RFC 1510 Kerberos September 1993 eXclusive-ORing the key with the constant F0F0F0F0F0F0F0F0. The initialization vector should be zero. The resulting checksum is 128 bits (16 octets) long, 64 bits of which are redundant. This checksum is tamper-proof and collision-proof. The format for the checksum is described in the following diagram: +--+--+--+--+--+--+--+-- | des-cbc(confounder +--+--+--+--+--+--+--+-- +-----+-----+-----+-----+-----+-----+-----+-----+ des-mac(conf+msg,iv=0,key),key=var(key),iv=0) | +-----+-----+-----+-----+-----+-----+-----+-----+ The format cannot be described in ASN.1, but for those who prefer an ASN.1-like notation: des-mac-checksum ::= ENCRYPTED UNTAGGED SEQUENCE { confounder[0] UNTAGGED OCTET STRING(8), check[1] UNTAGGED OCTET STRING(8) } The DES specifications identify some "weak" and "semiweak" keys; those keys shall not be used for generating DES-MAC checksums for use in Kerberos, nor shall a key be used whose veriant is "weak" or "semi-weak". 6.4.7. RSA MD4 Cryptographic Checksum Using DES alternative (rsa-md4-des-k) The RSA-MD4-DES-K checksum calculates a keyed collision-proof checksum by applying the RSA MD4 checksum algorithm and encrypting the results using DES in cipherblock-chaining (CBC) mode using a DES key as both key and initialization vector. The resulting checksum is 16 octets long. This checksum is tamper-proof and believed to be collision-proof. Note that this checksum type is the old method for encoding the RSA-MD4-DES checksum and it is no longer recommended. 6.4.8. DES cipher-block chained checksum alternative (desmac-k) The DES-MAC-K checksum is computed by performing a DES CBC-mode encryption of the plaintext, and using the last block of the ciphertext as the checksum value. It is keyed with an encryption key and an initialization vector; any uses which do not specify an additional initialization vector will use the key as both key and initialization vector. The resulting checksum is 64 bits (8 octets) long. This checksum is tamper-proof and collision-proof. Note that Kohl & Neuman [Page 77]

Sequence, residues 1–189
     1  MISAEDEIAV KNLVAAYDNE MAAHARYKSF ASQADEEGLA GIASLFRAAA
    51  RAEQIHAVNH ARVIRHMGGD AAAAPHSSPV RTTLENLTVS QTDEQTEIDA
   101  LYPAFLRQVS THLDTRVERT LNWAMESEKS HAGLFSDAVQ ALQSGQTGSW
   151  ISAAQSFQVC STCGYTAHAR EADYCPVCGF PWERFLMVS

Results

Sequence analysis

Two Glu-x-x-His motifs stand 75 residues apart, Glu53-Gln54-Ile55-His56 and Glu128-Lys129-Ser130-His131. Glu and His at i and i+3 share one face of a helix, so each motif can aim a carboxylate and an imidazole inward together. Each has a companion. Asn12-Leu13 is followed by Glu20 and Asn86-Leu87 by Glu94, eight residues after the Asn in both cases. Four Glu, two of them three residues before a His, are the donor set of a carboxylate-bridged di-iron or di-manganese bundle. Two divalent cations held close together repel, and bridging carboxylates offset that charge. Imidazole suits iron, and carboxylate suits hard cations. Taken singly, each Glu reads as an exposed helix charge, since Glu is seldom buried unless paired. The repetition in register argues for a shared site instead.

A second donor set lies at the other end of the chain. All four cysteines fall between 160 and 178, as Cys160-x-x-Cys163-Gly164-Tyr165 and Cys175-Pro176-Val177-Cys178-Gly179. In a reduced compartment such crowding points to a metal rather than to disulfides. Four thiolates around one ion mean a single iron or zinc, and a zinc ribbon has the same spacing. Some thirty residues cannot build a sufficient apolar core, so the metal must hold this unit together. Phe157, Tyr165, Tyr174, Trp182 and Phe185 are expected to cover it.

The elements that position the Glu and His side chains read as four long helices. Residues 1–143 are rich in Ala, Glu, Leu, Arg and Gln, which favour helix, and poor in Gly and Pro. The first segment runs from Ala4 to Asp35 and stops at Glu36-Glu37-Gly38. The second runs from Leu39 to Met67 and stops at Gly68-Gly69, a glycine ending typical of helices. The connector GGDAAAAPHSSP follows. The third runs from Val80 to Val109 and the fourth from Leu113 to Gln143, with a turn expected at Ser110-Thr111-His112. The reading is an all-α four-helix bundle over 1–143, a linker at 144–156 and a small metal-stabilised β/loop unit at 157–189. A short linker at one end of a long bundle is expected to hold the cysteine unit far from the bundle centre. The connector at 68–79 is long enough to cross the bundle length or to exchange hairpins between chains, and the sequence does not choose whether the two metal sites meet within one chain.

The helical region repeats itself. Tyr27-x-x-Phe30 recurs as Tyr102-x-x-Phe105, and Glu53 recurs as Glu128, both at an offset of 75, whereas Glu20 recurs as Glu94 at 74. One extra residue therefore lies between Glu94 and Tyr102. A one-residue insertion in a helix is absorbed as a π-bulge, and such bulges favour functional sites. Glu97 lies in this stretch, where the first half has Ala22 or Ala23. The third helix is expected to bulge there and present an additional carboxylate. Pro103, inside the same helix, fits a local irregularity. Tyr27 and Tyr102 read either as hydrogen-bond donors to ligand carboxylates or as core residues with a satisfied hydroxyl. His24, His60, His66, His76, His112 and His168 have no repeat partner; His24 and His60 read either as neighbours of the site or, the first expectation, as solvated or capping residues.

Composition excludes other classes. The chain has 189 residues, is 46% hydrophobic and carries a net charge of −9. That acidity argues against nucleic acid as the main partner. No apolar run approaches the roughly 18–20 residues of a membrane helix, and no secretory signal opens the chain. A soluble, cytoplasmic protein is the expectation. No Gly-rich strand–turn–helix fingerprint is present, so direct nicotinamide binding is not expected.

RFC 1510 Kerberos September 1993 this checksum type is the old method for encoding the DESMAC checksum and it is no longer recommended. The DES specifications identify some "weak keys"; those keys shall not be used for generating DES-MAC checksums for use in Kerberos. 7. Naming Constraints 7.1. Realm Names Although realm names are encoded as GeneralStrings and although a realm can technically select any name it chooses, interoperability across realm boundaries requires agreement on how realm names are to be assigned, and what information they imply. To enforce these conventions, each realm must conform to the conventions itself, and it must require that any realms with which inter-realm keys are shared also conform to the conventions and require the same from its neighbors. There are presently four styles of realm names: domain, X500, other, and reserved. Examples of each style follow: domain: host.subdomain.domain (example) X500: C=US/O=OSF (example) other: NAMETYPE:rest/of.name=without-restrictions (example) reserved: reserved, but will not conflict with above Domain names must look like domain names: they consist of components separated by periods (.) and they contain neither colons (:) nor slashes (/). X.500 names contain an equal (=) and cannot contain a colon (:) before the equal. The realm names for X.500 names will be string representations of the names with components separated by slashes. Leading and trailing slashes will not be included. Names that fall into the other category must begin with a prefix that contains no equal (=) or period (.) and the prefix must be followed by a colon (:) and the rest of the name. All prefixes must be assigned before they may be used. Presently none are assigned. The reserved category includes strings which do not fall into the first three categories. All names in this category are reserved. It is unlikely that names will be assigned to this category unless there is a very strong argument for not using the "other" category. These rules guarantee that there will be no conflicts between the Kohl & Neuman [Page 78]